By Anthony Cordi
“She is a cha cha instructor, a professor, a head of state, a teacher, a nun,” is how Madonna describes her most recent alter ego covering her latest album, Madame X. In the months anticipating its release, the pop icon teased fans with imagery of the eye-patched emissary, in addition to releasing several collaborations featuring Maluma, Quavo, and Swae Lee. Some reviews deem the pop star’s latest release as a bizarre and rambunctious mixture of sound, when in fact, these things make for an interesting and compelling piece of work. This metamorphosis of sound and image reveals not only that Madonna is still a master of her craft, but that she can continue to captivate audiences with bold creativity.
The diversity of Madonna’s discography spans far and wide, ranging from the 1984 classic “Like a Virgin,” to her evolution into modern sound with “Ray of Light.” Throughout these changing eras, the music legend managed to remain at the top of her game, morphing from one persona to the next in an almost seamless way. Her new album is certainly no exception, solidifying Madonna as an ever-evolving songstress with an eye for all things avant-garde.
The singer can add being trilingual to her list of talents, as the album includes songs in English, Portuguese, and Spanish. Influenced predominately from her time living in Lisbon, Portugal, the “Hung Up” belter’s newest release boasts a host of musical influences. Songs like “Faz Gostoso” featuring Anitta and “Medellín” featuring Maluma are testaments to Madge’s rare ability to effectively cross musical genres. Even more noticeable on one of her solo tracks, “Crazy,” Madonna exudes a comfortable incorporation of both her personal style and an appreciation for multicultural artistry.
Further embellishing Madame X‘s tinge of musical experimentation, Madonna includes hints of hip hop on the songs “Future” featuring Quavo and “Crave” with Swae Lee. But the album’s prized gems are arguably the dance-floor anthems “God Control” and “I Don’t Search I Find,” which are reminiscent of Confessions on a Dance Floor.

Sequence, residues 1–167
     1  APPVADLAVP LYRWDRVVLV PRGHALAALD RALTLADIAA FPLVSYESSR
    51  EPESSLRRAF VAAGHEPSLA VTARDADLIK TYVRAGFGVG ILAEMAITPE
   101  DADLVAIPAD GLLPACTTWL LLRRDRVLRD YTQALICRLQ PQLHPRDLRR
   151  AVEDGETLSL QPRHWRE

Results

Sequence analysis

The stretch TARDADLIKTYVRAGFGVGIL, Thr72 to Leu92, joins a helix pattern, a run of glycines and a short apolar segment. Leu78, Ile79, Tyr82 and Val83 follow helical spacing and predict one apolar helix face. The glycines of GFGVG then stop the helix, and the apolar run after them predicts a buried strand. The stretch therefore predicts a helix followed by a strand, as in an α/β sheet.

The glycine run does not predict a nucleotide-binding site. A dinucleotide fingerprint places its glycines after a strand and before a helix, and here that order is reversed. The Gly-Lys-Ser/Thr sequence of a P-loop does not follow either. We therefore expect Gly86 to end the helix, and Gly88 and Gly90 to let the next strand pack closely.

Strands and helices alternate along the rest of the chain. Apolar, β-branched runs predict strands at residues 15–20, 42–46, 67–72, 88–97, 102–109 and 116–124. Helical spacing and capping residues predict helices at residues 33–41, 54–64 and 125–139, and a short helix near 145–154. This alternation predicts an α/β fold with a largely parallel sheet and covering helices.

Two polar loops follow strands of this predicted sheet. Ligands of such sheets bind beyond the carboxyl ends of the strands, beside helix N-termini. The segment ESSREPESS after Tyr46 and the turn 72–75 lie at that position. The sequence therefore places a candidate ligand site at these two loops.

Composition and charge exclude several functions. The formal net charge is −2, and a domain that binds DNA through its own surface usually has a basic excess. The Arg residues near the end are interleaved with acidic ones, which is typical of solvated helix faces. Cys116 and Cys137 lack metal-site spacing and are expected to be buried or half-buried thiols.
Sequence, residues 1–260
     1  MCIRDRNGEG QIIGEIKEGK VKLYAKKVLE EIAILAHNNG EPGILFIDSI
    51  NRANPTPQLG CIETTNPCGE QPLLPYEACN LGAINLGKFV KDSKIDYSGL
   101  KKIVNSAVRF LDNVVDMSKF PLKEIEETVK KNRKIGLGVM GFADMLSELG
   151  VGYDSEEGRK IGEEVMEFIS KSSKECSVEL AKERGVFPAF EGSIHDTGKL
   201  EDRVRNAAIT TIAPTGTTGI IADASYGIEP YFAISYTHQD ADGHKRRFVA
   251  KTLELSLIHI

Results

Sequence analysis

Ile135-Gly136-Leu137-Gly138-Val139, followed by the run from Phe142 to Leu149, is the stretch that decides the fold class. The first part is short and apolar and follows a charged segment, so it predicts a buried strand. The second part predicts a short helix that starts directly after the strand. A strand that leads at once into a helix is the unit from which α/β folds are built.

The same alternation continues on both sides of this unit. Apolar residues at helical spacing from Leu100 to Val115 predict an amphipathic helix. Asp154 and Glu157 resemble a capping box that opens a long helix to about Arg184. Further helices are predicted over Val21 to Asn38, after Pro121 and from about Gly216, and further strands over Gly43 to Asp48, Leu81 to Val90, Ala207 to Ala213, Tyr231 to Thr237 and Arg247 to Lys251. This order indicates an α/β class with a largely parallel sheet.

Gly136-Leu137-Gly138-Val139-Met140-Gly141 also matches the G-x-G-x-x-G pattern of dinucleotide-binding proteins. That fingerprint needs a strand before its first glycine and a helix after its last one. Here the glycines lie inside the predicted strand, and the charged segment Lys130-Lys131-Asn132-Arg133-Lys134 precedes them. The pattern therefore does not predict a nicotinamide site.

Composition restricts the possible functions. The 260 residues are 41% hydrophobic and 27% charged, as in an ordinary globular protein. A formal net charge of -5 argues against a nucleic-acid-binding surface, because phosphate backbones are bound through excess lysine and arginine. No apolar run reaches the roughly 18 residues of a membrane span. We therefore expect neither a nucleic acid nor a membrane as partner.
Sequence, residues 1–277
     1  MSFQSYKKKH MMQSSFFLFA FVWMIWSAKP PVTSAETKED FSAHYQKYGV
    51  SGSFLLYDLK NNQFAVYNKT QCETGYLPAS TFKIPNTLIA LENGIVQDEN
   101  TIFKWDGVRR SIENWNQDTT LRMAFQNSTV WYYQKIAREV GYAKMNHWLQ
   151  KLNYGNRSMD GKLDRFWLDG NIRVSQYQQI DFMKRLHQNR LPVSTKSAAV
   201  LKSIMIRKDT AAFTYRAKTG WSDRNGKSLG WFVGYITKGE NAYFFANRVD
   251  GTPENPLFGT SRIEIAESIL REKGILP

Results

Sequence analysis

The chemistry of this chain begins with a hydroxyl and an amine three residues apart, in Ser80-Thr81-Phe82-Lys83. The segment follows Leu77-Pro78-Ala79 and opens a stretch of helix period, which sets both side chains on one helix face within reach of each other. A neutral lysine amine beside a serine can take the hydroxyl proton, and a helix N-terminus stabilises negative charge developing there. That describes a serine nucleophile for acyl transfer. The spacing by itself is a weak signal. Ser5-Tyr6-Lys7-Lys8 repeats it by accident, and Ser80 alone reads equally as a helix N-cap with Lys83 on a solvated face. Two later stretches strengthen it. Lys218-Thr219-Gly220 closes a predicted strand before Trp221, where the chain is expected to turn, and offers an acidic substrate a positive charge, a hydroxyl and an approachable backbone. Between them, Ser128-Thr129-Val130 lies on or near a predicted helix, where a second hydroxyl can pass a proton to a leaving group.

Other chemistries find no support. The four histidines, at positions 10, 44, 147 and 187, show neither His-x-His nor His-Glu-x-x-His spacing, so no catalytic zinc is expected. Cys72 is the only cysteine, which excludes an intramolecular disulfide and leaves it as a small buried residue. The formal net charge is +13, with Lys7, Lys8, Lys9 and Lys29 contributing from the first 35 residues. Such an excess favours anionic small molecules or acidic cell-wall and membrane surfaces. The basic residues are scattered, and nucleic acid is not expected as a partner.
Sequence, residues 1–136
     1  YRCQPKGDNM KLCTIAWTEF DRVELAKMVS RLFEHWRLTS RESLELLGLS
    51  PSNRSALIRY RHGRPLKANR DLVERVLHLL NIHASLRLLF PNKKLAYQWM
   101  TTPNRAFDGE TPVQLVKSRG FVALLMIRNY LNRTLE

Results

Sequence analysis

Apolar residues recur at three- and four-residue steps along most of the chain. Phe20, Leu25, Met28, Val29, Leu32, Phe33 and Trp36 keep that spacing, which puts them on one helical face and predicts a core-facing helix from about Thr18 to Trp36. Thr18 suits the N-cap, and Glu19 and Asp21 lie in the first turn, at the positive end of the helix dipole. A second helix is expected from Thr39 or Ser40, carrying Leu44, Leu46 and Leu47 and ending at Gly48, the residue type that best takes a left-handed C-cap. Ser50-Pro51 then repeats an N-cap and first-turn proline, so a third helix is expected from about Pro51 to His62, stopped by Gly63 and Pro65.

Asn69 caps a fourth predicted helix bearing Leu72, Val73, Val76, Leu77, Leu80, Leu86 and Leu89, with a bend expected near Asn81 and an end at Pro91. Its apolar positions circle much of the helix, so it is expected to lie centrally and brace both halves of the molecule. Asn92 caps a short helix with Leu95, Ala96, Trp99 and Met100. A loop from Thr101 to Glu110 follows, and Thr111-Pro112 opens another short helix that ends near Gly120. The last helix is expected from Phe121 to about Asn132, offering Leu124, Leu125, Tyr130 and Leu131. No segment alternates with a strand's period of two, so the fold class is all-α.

Opening with a somber choir and a call to action advocating for gun control in America, “God Control” gives way to a disco wonderland. “This is your wake up call,” Madonna utters over the sounds of two gunshots and a boogie beat, a seemingly paradoxical juxtaposition. By being able to make us dance to a grim message with a celebratory tone, it is evident that Madame X herself is able to successfully apply her artistry in every facet.
According to Billboard, over 90% of Madonna’s 17-show-run in New York is sold out. In addition, Madame X debuted at #1 on the Billboard 200 chart with 95,000 copies sold , giving the “Music” singer her first number one since her 2012 anthology, MDNA.
If Madame X tells us anything, it’s that Madonna still takes her artistry and legacy seriously. The icon has added yet another acclaimed piece to her body of work that also happens to be one of her most eccentric efforts yet, which in turn, may become her most successful.
Stream Madame X in full here.